Department for Work and Pensions (DWP) civil servants persuaded a coroner not to write a report that would have called for urgent action to prevent the deaths of benefit claimants, after providing her with misleading information about a safeguarding review.
Evidence obtained by Disability News Service (DNS) through the Freedom of Information Act shows that two senior DWP civil servants presented misleading information to last June’s inquest into the death of Errol Graham.
Graham starved to death two years ago after DWP wrongly stopped his out-of-work disability benefits, leaving him without any income.
He weighed just four-and-a-half stone when his body was found by bailiffs who had knocked down his front door to evict him.
But Dr Elizabeth Didcock, the coroner who heard the inquest into his death last summer, was persuaded by DWP’s evidence that she did not need to write a prevention of future deaths (PFD) report.
Such a report would have demanded urgent improvements to the department’s safeguarding procedures.
She said she did not need to write the report because she had been told that DWP was already carrying out a review of its safeguarding policy, which she was told would be completed in the autumn.
DNS has now listened to oral and written evidence given by two senior DWP civil servants, including David Carew, the department’s chief psychologist, who told the inquest he was leading the safeguarding review.
Both he and his colleague make clear that the review was set to be completed in the autumn, while Carew also told the coroner that there would be a report on its findings (“We are looking to report by the autumn on this.”).
He had earlier said, in a written statement made on 3 June 2019: “The timescale for completion of the review is Autumn 2019.”
When asked by the coroner which external organisations DWP might be talking to for the review, Carew said that “representative organisations, who act on behalf and for individuals, are really, really important, including advocacy organisations, welfare rights organisations… including also GPs and others”.
In the written statement, he said the review had “engaged a significant range of internal and external stakeholders”.
Carew also told the coroner: “I leave this building today very clear in my own mind that the work we are involved in in the current time has a degree of urgency about it.”
But DNS submitted questions about the safeguarding review to DWP last month, and its answers show that the evidence provided by Carew and his colleague was significantly misleading.
Each of the freedom of information (FoI) answers throws serious doubt on the evidence provided by DWP to the inquest.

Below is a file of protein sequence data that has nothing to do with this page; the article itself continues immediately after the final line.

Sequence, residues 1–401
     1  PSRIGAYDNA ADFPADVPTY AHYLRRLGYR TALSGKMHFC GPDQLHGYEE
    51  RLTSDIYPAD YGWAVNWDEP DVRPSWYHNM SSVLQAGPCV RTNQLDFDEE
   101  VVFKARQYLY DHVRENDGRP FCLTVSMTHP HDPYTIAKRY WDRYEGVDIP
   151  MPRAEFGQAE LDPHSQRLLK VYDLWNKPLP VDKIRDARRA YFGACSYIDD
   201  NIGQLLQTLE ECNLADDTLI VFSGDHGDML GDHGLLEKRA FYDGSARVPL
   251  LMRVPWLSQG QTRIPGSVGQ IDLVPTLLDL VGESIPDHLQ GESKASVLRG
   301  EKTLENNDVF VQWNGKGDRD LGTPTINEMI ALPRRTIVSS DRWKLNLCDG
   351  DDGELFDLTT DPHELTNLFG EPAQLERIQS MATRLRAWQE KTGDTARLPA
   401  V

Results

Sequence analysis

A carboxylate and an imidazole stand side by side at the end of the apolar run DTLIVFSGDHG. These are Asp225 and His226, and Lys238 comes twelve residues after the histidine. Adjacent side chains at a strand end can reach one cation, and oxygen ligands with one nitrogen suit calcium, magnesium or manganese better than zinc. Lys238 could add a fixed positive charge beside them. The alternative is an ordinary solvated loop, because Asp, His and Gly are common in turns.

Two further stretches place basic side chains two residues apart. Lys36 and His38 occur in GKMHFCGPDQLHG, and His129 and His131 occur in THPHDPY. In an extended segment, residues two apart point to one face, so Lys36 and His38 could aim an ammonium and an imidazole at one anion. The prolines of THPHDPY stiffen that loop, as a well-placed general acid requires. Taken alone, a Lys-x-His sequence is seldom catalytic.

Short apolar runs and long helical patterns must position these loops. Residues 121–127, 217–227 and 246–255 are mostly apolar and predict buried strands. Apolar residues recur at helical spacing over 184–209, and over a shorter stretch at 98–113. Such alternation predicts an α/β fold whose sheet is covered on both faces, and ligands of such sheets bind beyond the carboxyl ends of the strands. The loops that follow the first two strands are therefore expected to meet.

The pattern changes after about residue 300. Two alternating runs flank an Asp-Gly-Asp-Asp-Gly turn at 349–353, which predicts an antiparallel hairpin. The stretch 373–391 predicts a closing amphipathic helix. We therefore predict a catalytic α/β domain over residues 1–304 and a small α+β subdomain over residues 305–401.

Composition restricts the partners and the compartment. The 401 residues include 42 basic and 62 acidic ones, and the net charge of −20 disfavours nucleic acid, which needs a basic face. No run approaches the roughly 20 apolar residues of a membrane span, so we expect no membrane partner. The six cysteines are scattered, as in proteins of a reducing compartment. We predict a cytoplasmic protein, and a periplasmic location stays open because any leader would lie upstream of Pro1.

Asked when the review was due to end, DWP says in the FoI response: “We do not hold this information. This work is ongoing and will continue as a key part of continuous improvement and learning.”
Asked if the review would be published, DWP says: “We do not hold this information. There is no formal commission to publish a review.”
And asked which organisations and individuals the review team met with as part of the review, DWP says: “There is no formal review team.
“DWP Officials conduct regular case research, consider coroners reports and engage through local networks in DWP operations.”
Asked for any documents relating to the review, including the final report, DWP says: “As set out… above we do not hold this information. There is not a final report.”
Dr Didcock has previously told DNS that she could “request an update on the DWP Safeguarding Policy Review if this has not been completed, and I shall do so”.
She told DNS this morning that she had “nothing additional to add to her previous reply”.
But Alison Turner, the disabled partner of Errol Graham’s son, who has led the fight to secure justice, said she believed DWP deliberately tried to mislead the coroner about the safeguarding review so she would not write a PFD report.
She said: “Inquests are about how you learn lessons. DWP showed they were not there with any intention to learn lessons.
“I don’t know how long they think they are going to keep getting away with it.
“They think they can keep sweeping it under the carpet.
“I think the carpet is getting a bit full of crap now and it is starting to fall outside.”
Labour’s Debbie Abrahams, a member of the Commons work and pensions select committee, who has led parliamentary calls for an inquiry into deaths linked to DWP, said: “It beggars belief that the government thinks it is acceptable to promise a safeguarding review to the coroner investigating the death of Errol Graham and then simply change tack without warning.
“We simply cannot trust this government to carry out any meaningful ‘continuous improvement and learning’ following the recent National Audit Office report which revealed DWP doesn’t even know whether any of its suggested improvements have been implemented and accepts not all its staff are aware of their own guidance following the internal process reviews.
“The government must commission a full, independent inquiry into the deaths of social security claimants and the associated actions and decisions of the DWP.
“No more excuses; people are dying, enough is enough.”
DWP refused to answer questions about the misleading evidence given to the inquest.
But a DWP spokesperson said in a statement: “This is a tragic, complex case and our sympathies are with Mr Graham’s family.
“We take this very seriously and the key issues raised in this case have been referred to the Serious Case Panel.”
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